A Taste of Groupon: Three restaurant deals?
P opular deals on Groupon Honolulu: $25 worth of food for $12 from Le Cacao Bistro, $20 of pizza and drinks for $10 from Round Table Pizza, and $65 worth for $30 from Gyu-Kaku. If enough people jump on the bandwagon (and they do, in the thousands), you’ll have a set amount of time (24–48 hours) to take advantage of your score.
These are the types of Groupon deals that have been available in Honolulu since last October, with restaurants making up a good portion of companies offering at least half off with just a click of the mouse. Says company spokesperson Chad Nason, “Groupon is all about experiences, finding new things in your community, and restaurants are a great way to do that.”
But for restaurants, the socially oriented, half-off-style deal is more complicated than meets the eye.
“You get all excited because you have people out the door, lines down the street, for weeks,” says Honolulu Burger Company owner Ken Takahashi, “But you’re not really making any revenue. Because it’s all on paper.”
For its second time with Groupon, Honolulu Burger Company, a joint located on Beretania and Piikoi boasting Big Island free-range beef creations, maxed out at 3,000 deals. First-timer Sarento’s Top of the Ilikai, a fine-dining restaurant on the hotel’s 30th floor, sold 2,048. Downbeat Diner, a Chinatown spot offering burgers as well as vegan and late-night grinds, sold 1,094 (after intending to cap it at 500).
Compared to traditional marketing, such as placing an ad in a glossy, these restaurants didn’t “spend” any money on a Groupon deal. In fact, at the start, businesses collect.
Groupon gives the business a lump sum check when the deal begins (minus Groupon’s cut, typically 50 percent). In the end, Downbeat Diner’s take-home on a $20 guest check: $5.
Additionally, because the Groupon effect is dramatic, companies typically need to bring on extra staffing and increase their supplies for the rushes. Downbeat Diner, which had opened just two months before, was suddenly at capacity every lunch and dinner. Sarento’s was booked full almost every night and is still seeing a surge on the weekends.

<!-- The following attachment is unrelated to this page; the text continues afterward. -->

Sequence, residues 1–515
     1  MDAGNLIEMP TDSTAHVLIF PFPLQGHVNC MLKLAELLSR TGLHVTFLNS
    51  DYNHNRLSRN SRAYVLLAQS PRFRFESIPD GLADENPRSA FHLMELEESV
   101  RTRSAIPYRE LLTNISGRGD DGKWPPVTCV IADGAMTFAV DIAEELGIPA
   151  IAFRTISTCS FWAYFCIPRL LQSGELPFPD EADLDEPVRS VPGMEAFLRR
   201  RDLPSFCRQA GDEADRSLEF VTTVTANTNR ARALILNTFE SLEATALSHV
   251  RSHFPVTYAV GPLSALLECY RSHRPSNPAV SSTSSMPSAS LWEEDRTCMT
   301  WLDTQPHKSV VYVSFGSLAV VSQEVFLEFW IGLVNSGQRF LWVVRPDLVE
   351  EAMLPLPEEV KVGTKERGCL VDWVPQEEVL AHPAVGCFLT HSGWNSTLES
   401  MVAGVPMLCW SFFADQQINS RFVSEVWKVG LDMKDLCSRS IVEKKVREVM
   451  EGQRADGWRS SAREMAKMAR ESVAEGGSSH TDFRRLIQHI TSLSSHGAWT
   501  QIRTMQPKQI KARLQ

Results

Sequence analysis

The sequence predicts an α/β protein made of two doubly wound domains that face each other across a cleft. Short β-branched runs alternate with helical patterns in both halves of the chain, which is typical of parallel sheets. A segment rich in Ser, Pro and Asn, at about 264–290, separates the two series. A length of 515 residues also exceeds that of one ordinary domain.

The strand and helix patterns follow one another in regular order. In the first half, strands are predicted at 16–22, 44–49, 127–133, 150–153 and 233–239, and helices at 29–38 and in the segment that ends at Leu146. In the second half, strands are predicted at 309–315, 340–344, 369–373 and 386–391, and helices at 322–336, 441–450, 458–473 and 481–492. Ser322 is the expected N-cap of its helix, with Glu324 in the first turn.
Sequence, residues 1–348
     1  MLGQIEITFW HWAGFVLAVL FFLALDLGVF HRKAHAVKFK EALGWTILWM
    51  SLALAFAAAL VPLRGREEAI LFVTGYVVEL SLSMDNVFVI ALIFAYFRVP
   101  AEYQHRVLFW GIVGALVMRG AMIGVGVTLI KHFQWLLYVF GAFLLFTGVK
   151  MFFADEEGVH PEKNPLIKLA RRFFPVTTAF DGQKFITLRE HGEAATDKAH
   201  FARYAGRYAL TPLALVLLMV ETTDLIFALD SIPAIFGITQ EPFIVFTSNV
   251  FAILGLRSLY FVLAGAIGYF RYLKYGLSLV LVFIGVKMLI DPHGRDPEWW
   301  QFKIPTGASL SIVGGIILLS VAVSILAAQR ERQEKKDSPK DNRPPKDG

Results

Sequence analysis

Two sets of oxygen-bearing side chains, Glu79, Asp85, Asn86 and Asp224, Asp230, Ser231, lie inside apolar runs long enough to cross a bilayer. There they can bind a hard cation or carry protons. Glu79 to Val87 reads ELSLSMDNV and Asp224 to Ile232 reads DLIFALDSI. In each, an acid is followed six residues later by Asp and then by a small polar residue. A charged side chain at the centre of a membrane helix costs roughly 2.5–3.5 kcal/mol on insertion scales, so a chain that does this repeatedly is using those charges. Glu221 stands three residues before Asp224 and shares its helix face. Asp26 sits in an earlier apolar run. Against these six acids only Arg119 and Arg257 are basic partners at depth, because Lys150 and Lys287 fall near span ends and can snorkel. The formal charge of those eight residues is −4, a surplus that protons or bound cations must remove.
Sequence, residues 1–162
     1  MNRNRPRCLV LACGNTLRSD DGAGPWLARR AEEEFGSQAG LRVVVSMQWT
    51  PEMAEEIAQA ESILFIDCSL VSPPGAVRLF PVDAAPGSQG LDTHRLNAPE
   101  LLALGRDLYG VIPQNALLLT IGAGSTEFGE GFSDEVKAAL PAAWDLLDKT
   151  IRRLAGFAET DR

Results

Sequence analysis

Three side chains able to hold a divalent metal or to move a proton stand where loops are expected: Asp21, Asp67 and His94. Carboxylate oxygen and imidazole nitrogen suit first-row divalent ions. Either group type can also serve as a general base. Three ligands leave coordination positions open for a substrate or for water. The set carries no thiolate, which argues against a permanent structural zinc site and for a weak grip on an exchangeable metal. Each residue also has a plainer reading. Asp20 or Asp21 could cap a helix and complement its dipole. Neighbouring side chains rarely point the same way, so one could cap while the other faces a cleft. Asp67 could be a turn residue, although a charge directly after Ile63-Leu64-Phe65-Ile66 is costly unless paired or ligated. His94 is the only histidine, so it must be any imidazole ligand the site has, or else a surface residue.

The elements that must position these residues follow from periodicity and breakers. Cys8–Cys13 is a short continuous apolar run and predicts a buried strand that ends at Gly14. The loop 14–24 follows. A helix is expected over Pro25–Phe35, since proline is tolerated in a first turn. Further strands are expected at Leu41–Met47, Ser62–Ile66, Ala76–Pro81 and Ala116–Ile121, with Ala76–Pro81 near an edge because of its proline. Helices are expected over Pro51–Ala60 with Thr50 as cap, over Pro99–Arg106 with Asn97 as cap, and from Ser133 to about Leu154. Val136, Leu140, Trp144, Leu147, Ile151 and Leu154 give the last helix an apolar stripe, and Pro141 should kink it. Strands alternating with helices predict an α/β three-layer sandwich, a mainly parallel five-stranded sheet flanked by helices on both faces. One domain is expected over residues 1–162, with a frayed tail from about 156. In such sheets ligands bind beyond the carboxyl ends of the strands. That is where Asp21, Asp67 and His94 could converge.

Takahashi says Groupon prepares businesses for this beginning-and-end-of-deal rush effect. Groupon holds webinars and shares information at [grouponworks.com], and local Groupon salesperson Titus Nakagawa, who sets up and manages the deals, gives preparation advice and checks in. Sarento’s Top of the “I” timed their deal to kick off and end at the slowest part of the season while staffing as if for the holidays. On the other hand, Downbeat Diner’s owners remember no such preparation and minimal communication with Groupon.
“Obviously we want every customer who comes in here to have the best service and best experience they could have, and unfortunately that didn’t happen,” says Serena Hashimoto, co-owner of Downbeat Diner.
While Groupon seems like a good idea for a new business, the risks are high. The rush can be greater than anticipated. For restaurants with little on reserve, the drain of Groupon deals can leave them running on empty.
Downbeat Diner tried Groupon just two months after opening. In retrospect, say the owners, they should have waited. Groupon visitors also didn’t tend to spend more than the $20 the deal was worth, so there was no “upselling” benefit.
“I had some regular customers who bought Groupons return them to me,” says Josh Hancock, co-owner of Downbeat Diner. “They felt bad because they realized it wasn’t any kind of deal for us.”
Now Downbeat Diner has found its patrons, which tend to be drawn by geography instead of deals–younger Chinatown locals, businesspeople, industry folk and nightlifers. Conversely, their Groupon buyers were littered all over Oahu, with some even from the mainland, with an average age of 40.
But for Takahashi of Honolulu Burger Company, “Both [Groupons] have been very successful for [us] in drawing customers to our restaurant. Because we’re in a very difficult location, it makes it a lot easier for people to know where we are.”
And for Adam Miller, General Manager of Sarento’s, the main purpose of Groupon was to get the Ilikai name back out there after suffering PR problems, and “to remind people we’re still open. And that’s mission accomplished.” He has also seen a dramatic increase of reviews on sites such as Yelp.
While Groupon makes it possible to track and receive ratings from Groupon purchases, the actual long-term effects of the deals, which have only been available for two years, are still hard to gauge.
And this is the case for the success of Groupon itself. Currently in the quiet period of an Initial Public Offering or IPO (going from a privately owned to publicly shared company), it’s receiving harsh Wall Street scrutiny and stiff competition from the likes of LivingSocial and SocialBuy. In the last two years, Groupon has been claimed as the fastest growing company ever and rumored to be losing money like quarters in a pocket full of holes.
But for Miller of Sarento’s, a Groupon recently redeemed at his restaurant confirmed that the whole thing was worth it.
“We had a guy who made a reservation for a party of two, for himself and his girlfriend, and then he made a separate reservation on the same night for a party of 12. His family was waiting in the private dining room, and he proposed. She said ‘yes,’ and they went and had a celebration dinner.
“An aunt or uncle said, ‘This is genius, how did you ever think of this idea?’ and he said, ‘I’d never heard of this place, but she had a Groupon.’”